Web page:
On the Kasr Al Nile bridge
(update I, II, and III below)
Mubarak’s promise on Friday night to implement reforms in Egypt did little to appease protesters, who defied another government-imposed curfew and took to the streets once more.
Things to keep in mind: David Degner talks about photographs he has taken of the uprising and demonstrations in Egypt. One insight is that, once again, the “documentary photograph” never replicates the supposed reality of the event, “What I’ve never liked about photos of protests here in Egypt is that they give a false image. The government actually plays it up. It lets the protesters give a little show — they let a group of maybe fifty people protest freely in a particular spot and the police form a ring around them and won’t let anybody else come in — except the photographers get to move in and out easily. So it creates a false sense of the freedom to demonstrate […]
“So, what is so significant about the photo from Wednesday is that it possibly represents the last vestige of the old paradigm, of the exploitative tactics with policemen in a circle letting a show of protest go on. As of now, that system is gone. You do have to walk around the tanks to get into Tahrir Square right now, but once you’re in, it’s a free game. You can say anything you want. You can lead chants. It’s completely different.”
Mubarak says he will step down as, but not just yet. The crowd one location reacts:
The crowd had rigged up a huge screen to show al-Jazeera. Mubarak’s speech was broadcast live. As he announced that he would not be standing for another term, the rally exploded in anger.
The screen was pelted with bottles and the cry “Irhal, irhal” went up repeatedly: “Leave, leave”. It was taken up by the hundred thousand people who thronged Tahrir Square. At one point demonstrators held up their shoes to the screen – an insulting gesture in Arab culture.
None of them were appeased by Mubarak’s announcement. If anything, they were emboldened to step up their protests and to push their demands further. Many were saying that not only must Mubarak leave immediately but that the whole of his National Democratic party regime had to go and should be put on trial.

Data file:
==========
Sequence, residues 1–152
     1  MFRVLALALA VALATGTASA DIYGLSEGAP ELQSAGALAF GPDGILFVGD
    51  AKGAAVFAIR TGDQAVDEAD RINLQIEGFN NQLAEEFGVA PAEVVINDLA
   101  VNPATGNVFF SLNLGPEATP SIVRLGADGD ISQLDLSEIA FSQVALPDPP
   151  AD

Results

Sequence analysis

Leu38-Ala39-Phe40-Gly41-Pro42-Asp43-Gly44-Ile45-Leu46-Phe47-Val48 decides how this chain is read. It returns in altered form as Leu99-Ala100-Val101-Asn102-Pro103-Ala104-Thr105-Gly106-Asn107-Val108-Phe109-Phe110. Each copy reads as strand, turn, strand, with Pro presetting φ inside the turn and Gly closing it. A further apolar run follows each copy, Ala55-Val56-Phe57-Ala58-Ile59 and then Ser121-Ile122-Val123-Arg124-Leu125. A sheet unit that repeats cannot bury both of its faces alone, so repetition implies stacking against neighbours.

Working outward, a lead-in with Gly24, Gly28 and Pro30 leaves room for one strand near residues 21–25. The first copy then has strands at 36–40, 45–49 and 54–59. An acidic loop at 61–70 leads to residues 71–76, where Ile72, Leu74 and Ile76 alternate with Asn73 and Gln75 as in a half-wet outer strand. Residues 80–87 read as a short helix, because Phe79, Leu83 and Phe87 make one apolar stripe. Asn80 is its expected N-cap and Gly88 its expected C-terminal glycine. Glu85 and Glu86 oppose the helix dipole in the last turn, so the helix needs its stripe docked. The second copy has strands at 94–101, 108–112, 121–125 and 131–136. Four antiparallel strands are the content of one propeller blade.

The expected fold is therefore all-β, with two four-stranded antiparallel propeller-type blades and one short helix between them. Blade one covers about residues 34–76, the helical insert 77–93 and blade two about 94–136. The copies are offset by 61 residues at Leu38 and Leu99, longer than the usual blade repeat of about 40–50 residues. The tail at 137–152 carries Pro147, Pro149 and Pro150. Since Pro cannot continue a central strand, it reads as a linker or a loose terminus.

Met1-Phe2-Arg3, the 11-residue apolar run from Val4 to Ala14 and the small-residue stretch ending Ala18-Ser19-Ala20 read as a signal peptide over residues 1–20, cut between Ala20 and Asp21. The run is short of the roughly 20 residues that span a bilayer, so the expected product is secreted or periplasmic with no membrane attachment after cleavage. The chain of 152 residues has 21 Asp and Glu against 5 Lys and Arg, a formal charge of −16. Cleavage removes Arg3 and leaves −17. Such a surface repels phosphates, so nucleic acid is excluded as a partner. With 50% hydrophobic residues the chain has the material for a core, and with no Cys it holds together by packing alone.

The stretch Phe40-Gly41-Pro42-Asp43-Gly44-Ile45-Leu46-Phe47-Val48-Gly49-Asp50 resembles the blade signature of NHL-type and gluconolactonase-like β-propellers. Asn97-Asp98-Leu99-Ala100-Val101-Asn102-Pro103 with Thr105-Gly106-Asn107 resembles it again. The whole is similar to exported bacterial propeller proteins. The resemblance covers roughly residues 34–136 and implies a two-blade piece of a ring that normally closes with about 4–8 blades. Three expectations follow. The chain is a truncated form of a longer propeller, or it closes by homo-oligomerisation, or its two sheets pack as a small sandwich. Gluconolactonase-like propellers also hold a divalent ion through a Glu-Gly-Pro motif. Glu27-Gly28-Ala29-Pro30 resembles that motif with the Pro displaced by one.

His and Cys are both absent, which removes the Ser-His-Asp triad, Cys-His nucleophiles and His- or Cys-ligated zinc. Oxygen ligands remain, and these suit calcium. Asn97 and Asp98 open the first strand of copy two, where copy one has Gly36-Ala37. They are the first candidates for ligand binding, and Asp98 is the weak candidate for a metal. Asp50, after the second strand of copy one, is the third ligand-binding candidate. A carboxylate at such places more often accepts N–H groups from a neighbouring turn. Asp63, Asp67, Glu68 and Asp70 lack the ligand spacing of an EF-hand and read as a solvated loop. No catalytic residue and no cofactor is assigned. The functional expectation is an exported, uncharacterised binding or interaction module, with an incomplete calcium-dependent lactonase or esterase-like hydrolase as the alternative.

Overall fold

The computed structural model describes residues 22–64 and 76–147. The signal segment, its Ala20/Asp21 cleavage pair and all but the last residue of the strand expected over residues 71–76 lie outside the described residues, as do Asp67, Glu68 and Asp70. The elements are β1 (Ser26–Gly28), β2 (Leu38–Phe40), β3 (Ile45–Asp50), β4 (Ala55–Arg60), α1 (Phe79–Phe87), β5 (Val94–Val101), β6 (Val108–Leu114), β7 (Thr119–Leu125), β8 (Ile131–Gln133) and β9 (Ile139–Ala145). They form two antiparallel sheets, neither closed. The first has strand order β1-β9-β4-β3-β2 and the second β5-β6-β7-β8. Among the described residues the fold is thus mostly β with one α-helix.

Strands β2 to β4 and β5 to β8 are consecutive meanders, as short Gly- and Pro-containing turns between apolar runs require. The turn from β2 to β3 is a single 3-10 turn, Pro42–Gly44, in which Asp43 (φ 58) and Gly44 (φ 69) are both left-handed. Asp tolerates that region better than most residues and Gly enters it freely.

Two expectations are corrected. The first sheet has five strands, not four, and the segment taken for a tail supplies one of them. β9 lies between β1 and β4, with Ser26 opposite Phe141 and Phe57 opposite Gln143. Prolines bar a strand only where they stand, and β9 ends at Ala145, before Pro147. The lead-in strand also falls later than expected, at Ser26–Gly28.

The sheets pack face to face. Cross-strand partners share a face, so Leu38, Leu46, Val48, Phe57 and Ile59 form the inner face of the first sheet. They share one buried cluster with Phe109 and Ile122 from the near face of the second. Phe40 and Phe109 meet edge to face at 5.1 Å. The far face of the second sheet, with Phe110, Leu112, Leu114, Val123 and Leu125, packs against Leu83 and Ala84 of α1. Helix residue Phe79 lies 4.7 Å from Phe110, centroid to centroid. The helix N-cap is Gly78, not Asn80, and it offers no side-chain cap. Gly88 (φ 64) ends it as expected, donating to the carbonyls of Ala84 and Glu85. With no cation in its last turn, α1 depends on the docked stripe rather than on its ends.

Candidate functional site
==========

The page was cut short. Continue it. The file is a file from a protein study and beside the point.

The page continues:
“If he’s here until September then so are we,” said Amr Gharbeia, an activist who is camping out in the square.
“Perhaps this would have been enough to appease people a few days ago but it’s much too late now. He has to leave and he has to leave today,” added Ibraheem Kabeel, a 26-year-old physician. …
“Mubarak will go down in Egyptian history as the president who ordered security forces to fire live bullets into the bodies of his sons and daughters. There’s no way back from that.”
Some twitter feed sites to follow what is unfolding:
Miriam over at Feministing lets us in on the role of women in the Egyptian protests, with a photo diary link. If you want to follow what’s happening in Egypt from a feminist perspective, Mona Eltahawy is your woman. Jezebel has a great feature about Mona, and you can follow her on her site and on twitter. You might also recognize her from all the US media appearances she’s been making this past week.
She’s a vocal Muslim feminist. A recent quote from her about this role:
She recently wrote, “To be a Muslim and a feminist is to stand in the crossfire and yell “Shut the f**k up!” to everyone around you because you know that anything you say can and will be used against you by everyone.”
This is 26-year-old Asmaa Mahfouz of Egypt making a salient case for populace resistance and the notion of popular action.
“Whoever says women shouldn’t go to the protests because they will get beaten, let him have some honor and manhood and come with me on January 25th. They don’t even have to go to Tahrir Square, just go anywhere and say it: that we are free human beings.”
“Sitting home and just following us on news or on Facebook leads to our humiliation — it leads to my humiliation!,”
“If you have honor and dignity as a man, come and protect me, and other girls in the protest. if you stay home, you deserve what’s being done to you, and you will be guilty before your nation and your people. Go down to the street, send SMSes, post it on the internet, make people aware.”